4295 Shares

I have a question in philosophy?

I have a question in philosophy? Topic: Why we must do homework for money
June 20, 2019 / By Genna
Question: Can you explain: What is the direct consequence if men does not use his brain when his two busy components which are intellect & will in order for him to make the right decisions? pls.help me with this...its my homework. PLEASE and THANK YOU! ^^ 10pts.whoever gets the best answer*...thnx that's what the professor gave us..i already have an answer on that but i want to add more informations..so,that's why i ask help from you guys..ok ,thanks anyway for answering..^^
Best Answer

Best Answers: I have a question in philosophy?

Delicia Delicia | 3 days ago
He wastes his time on Yahoo Answers, LOL The real answer: Intellect and will in isolation are not helpful without a rational framework for decision making. First of all, one must define what is meant by "right" decisions. Decisions that are morally right? And if so, by whose standards do we determine what is morally right? Or, do we mean "right" as in creating the most advantage for the man making the decision, ie: selfish best interest? What if cheating, lying, and stealing make lots and lots of money for the man and he is able to live a life of great comfort and happiness. Is that the "right" decision? Or what if he helps everyone altruistically and feeds the hungry and then dies penniless? Is that the "right" decision? The will and the intellect both depend on a rational framework for decision making, otherwise they are without meaning.
👍 274 | 👎 3
Did you like the answer? I have a question in philosophy? Share with your friends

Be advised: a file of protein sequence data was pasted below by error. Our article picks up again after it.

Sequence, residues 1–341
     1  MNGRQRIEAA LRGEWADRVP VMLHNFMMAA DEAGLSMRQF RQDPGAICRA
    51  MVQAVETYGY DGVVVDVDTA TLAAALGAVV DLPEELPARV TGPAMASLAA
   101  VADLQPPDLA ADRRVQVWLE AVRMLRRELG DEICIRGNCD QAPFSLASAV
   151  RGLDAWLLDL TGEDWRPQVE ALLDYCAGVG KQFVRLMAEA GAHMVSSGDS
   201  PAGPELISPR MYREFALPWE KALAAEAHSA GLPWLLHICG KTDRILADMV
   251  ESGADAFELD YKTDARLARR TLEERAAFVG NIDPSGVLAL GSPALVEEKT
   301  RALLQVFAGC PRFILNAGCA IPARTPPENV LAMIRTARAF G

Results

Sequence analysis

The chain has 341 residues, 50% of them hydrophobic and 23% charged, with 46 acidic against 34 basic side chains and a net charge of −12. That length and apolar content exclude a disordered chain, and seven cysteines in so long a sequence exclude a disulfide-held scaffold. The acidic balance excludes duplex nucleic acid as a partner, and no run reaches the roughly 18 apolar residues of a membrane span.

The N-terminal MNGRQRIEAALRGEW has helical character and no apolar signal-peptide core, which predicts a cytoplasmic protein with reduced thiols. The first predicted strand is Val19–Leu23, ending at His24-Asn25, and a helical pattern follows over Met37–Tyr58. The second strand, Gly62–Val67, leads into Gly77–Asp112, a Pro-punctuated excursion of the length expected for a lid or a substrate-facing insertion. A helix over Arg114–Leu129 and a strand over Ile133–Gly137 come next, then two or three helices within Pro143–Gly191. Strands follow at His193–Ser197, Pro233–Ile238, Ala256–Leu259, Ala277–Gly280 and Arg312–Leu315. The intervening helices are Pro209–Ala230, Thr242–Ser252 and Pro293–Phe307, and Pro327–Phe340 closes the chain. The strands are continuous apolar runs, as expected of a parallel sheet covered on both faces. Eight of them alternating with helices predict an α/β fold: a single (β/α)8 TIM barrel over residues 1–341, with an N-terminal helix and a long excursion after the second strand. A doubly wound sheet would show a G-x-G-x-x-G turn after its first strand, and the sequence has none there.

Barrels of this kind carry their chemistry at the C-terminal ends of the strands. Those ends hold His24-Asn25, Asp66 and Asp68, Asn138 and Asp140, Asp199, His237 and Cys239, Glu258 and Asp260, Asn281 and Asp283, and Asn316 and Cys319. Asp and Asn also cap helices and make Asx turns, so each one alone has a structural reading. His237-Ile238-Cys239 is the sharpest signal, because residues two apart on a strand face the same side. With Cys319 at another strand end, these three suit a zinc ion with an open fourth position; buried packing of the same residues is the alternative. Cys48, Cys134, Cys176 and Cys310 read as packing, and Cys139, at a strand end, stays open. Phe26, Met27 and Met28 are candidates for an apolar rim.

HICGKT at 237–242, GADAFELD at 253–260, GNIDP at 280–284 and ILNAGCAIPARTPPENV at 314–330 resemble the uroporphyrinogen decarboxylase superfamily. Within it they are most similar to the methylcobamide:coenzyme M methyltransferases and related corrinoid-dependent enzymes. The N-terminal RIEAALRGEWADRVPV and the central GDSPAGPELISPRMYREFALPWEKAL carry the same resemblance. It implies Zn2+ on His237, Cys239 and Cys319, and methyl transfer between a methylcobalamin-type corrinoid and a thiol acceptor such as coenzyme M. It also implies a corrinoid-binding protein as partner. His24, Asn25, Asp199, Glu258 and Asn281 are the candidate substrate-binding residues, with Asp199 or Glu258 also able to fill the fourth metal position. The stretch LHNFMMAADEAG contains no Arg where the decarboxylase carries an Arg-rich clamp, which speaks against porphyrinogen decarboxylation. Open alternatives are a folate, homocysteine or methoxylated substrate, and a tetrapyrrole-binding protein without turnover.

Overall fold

We found more questions related to the topic: Why we must do homework for money


Delicia Originally Answered: I have a question in philosophy?
He wastes his time on Yahoo Answers, LOL The real answer: Intellect and will in isolation are not helpful without a rational framework for decision making. First of all, one must define what is meant by "right" decisions. Decisions that are morally right? And if so, by whose standards do we determine what is morally right? Or, do we mean "right" as in creating the most advantage for the man making the decision, ie: selfish best interest? What if cheating, lying, and stealing make lots and lots of money for the man and he is able to live a life of great comfort and happiness. Is that the "right" decision? Or what if he helps everyone altruistically and feeds the hungry and then dies penniless? Is that the "right" decision? The will and the intellect both depend on a rational framework for decision making, otherwise they are without meaning.

Bryanna Bryanna
You didn't word your question well. Are you asking what is the consequence if man doesn't use his brain, since it takes intellect and will for good decisions? Since it is your homework, what do you think? What would happen if someone did not use intellect or will for a decision? What other creatures can you think of that do not use those things? Sounds like people would run on instinct then, huh? Or would it be something else? Put your intellect to work... ☺
👍 120 | 👎 -2

Allannah Allannah